CLEAR LAKE | On a beautiful spring or summer day, Clear Lake glimmers in the light, oftentimes full of boaters and swimmers enjoying a sunny time by the water.
But soon, those waters will be full of fishing boats, with anglers all trying to catch a prize as part of the 30th annual Walleye Classic.
The popular event, which takes place May 18-19, is put on by the Clear Lake Fishing Club.
According to club officials, demand is high for Clear Lake's biggest fishing event each year and is limited to 100 boats. Anglers who participated in the previous year’s tournament get first crack at a spot. Because of that, oftentimes only a handful of spots are available.
Scott Grummer works for the Iowa Department of Natural Resources, which helps the CLFC with the event. Because of limited staff and resources, the DNR usually doesn’t attend the fishing events, but due to a partnership with the Clear Lake club, it has assisted with the end of the day weigh-in process.
“The Clear Lake Fishing Club turns around and they put in a couple of our public docks and contribute back to the lake and anglers using Clear Lake,” Grummer said. “It’s been a nice partnership for us to help them out, because they’re helping anglers of Iowa back with some of the money they generate from these events.”
Over the years, the DNR and the fishing club have partnered on projects like putting in an artificial reef in 2009 and dredging Clear Lake. According to Brad Bull, president of the Clear Lake Fishing Club, this has significantly increased the lake’s fish population.
“Large-mouth bass numbers are starting to increase and the walleye numbers are very good to excellent,” he said. “That’s a big change for the lake that has been really different over the past 10 years or so.”
For the Walleye Classic, fishing teams are limited to two people, with each angler being allowed three fish per day. At the end of the day, each team weighs the five best fish, which are then put into an oxygenated tank, provided by the DNR, allowing the fish to recover before they are released back into the lake.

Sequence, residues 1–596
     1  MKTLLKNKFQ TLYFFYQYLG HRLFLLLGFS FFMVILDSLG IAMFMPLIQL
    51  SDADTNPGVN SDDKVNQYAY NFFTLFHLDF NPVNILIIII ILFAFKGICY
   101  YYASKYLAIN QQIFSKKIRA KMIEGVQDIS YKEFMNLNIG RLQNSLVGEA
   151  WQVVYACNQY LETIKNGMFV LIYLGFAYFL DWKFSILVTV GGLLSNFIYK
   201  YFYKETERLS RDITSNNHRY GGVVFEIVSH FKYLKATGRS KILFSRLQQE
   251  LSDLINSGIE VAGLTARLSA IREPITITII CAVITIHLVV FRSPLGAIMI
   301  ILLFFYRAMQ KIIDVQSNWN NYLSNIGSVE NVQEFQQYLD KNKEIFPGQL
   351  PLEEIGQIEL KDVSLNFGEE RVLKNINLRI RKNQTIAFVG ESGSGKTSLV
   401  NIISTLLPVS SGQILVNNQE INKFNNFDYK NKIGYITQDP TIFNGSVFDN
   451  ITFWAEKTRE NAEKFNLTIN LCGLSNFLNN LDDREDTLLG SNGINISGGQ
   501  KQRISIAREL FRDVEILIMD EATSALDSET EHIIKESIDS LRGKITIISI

In preparation for the Classic, the DNR stocked the lake on May 8 with walleye fry (newly hatched fish). Nearly five million fish were hatched the day before, according Sean Peterson of the DNR, trucked to Clear Lake and dumped into the water at McIntosh Woods State Park.
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The fish will grow for 3-5 years before they are big enough to keep or be a part of fishing tournaments. They are trucked in from the hatchery in Spirit Lake, a two-hour drive.
Anglers come from similar distances, with a few coming from South Dakota, Wisconsin and Missouri. Grummer said the tournament can get competitive, but it also is a good time for people to reconnect and spend time together.
The weekend begins with a rules meeting on Friday night, followed by a meal provided by the Clear Lake Fishing Club for the participating anglers.
“From what I see, it’s a family thing,” Grummer said. “It’s a father and son, or two brothers. It’s their time together. The teams that they draw cover a wide spectrum of friendships and family members. There are some husband and wife teams. It’s a pretty diverse group of anglers that it draws.”
For those concerned about the well-being of the fish, fear not. Bull estimates that the survival rate for fish that are caught and weighed is close to 99 percent. After being caught, the fish are put into an oxygenated tank, and deposited back into Clear Lake.
“We very rarely lose any fish,” Bull said. “We may have 500 fish on some years come in each day, and we might lose two or three at the most. Our survival rate is very good, and the fish end up back in Clear Lake for other anglers to enjoy.”
The tournament is also valuable to the economy of Clear Lake. According to Bull, nearly half of the participating anglers come from out of state, meaning they are staying in local hotels, eating at local restaurants and patronizing local bait shops.
Bull didn’t have any numbers as far as how much money the tournament brings in on a yearly basis, but the amount of people who come to town to participate, and to attend the weigh-in means stores are receiving business.
“The impact that they have [means] more boat gas, more bait,” Bull said. "It is a huge impact, as far as people coming.”